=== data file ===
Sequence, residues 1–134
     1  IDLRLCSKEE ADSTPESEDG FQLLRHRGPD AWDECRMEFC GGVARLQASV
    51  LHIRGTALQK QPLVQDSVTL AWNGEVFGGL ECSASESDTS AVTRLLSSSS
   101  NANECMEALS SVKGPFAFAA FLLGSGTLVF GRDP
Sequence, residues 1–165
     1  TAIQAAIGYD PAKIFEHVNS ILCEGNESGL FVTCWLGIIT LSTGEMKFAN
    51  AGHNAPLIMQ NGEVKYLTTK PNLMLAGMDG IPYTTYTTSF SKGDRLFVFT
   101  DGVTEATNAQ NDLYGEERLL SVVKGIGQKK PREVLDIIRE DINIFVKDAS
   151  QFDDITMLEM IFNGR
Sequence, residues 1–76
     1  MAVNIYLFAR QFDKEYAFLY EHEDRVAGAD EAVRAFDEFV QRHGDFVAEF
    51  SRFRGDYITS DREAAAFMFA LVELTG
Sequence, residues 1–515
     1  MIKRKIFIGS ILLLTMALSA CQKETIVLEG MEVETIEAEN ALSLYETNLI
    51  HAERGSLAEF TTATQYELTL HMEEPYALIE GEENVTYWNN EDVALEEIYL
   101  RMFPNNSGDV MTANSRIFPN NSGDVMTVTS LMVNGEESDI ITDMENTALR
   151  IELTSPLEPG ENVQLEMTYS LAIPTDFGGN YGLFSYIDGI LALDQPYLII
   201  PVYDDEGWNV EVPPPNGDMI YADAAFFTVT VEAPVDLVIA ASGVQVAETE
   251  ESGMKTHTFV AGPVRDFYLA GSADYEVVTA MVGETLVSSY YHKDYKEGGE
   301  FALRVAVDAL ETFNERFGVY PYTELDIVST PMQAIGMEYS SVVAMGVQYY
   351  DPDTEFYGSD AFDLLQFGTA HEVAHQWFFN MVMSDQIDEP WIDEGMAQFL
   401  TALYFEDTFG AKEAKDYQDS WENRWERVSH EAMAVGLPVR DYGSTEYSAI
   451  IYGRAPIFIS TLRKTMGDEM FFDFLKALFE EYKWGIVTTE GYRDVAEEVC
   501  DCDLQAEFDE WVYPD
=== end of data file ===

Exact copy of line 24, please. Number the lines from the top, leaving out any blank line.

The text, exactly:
   501  DCDLQAEFDE WVYPD